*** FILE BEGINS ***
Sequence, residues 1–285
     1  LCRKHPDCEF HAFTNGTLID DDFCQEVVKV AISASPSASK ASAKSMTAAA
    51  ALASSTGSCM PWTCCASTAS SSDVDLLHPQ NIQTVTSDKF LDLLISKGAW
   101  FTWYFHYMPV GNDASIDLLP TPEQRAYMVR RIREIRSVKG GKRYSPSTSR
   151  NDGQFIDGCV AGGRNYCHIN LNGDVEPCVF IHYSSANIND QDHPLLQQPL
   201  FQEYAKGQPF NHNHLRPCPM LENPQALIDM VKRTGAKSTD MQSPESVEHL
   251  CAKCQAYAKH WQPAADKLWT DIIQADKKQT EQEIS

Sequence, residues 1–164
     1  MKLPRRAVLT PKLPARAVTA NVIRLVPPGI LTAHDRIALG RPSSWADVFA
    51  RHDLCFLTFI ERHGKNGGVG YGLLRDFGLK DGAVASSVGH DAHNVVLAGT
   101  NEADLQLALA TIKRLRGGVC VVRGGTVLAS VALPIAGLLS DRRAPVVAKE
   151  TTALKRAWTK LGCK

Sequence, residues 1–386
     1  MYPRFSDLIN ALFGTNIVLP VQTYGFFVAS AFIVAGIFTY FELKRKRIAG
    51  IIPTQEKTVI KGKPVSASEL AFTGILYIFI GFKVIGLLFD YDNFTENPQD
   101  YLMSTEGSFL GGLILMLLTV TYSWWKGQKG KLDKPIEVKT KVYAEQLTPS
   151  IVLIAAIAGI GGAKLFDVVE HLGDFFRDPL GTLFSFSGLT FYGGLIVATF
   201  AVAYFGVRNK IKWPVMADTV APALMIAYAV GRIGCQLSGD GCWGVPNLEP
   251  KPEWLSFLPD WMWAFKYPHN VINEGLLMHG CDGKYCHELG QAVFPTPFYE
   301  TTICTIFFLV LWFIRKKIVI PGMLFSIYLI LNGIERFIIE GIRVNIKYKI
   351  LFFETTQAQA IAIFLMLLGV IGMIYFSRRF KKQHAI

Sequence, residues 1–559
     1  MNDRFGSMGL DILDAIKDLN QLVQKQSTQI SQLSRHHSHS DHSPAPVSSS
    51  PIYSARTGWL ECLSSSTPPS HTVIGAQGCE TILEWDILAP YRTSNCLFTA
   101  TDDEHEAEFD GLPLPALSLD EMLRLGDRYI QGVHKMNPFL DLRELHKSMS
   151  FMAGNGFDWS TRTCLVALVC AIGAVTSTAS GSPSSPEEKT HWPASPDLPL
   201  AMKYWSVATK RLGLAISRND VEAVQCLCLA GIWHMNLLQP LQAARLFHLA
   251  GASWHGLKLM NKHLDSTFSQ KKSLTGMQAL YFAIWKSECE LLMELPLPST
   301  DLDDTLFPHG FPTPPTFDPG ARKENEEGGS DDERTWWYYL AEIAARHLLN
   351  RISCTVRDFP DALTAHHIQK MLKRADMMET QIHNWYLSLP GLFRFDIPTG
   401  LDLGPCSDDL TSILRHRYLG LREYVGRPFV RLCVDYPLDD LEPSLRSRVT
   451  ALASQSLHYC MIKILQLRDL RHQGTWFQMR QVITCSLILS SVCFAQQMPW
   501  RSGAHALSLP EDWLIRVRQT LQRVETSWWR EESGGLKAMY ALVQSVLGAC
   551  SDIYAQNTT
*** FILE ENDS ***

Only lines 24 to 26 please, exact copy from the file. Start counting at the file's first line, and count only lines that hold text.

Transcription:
    51  PIYSARTGWL ECLSSSTPPS HTVIGAQGCE TILEWDILAP YRTSNCLFTA
   101  TDDEHEAEFD GLPLPALSLD EMLRLGDRYI QGVHKMNPFL DLRELHKSMS
   151  FMAGNGFDWS TRTCLVALVC AIGAVTSTAS GSPSSPEEKT HWPASPDLPL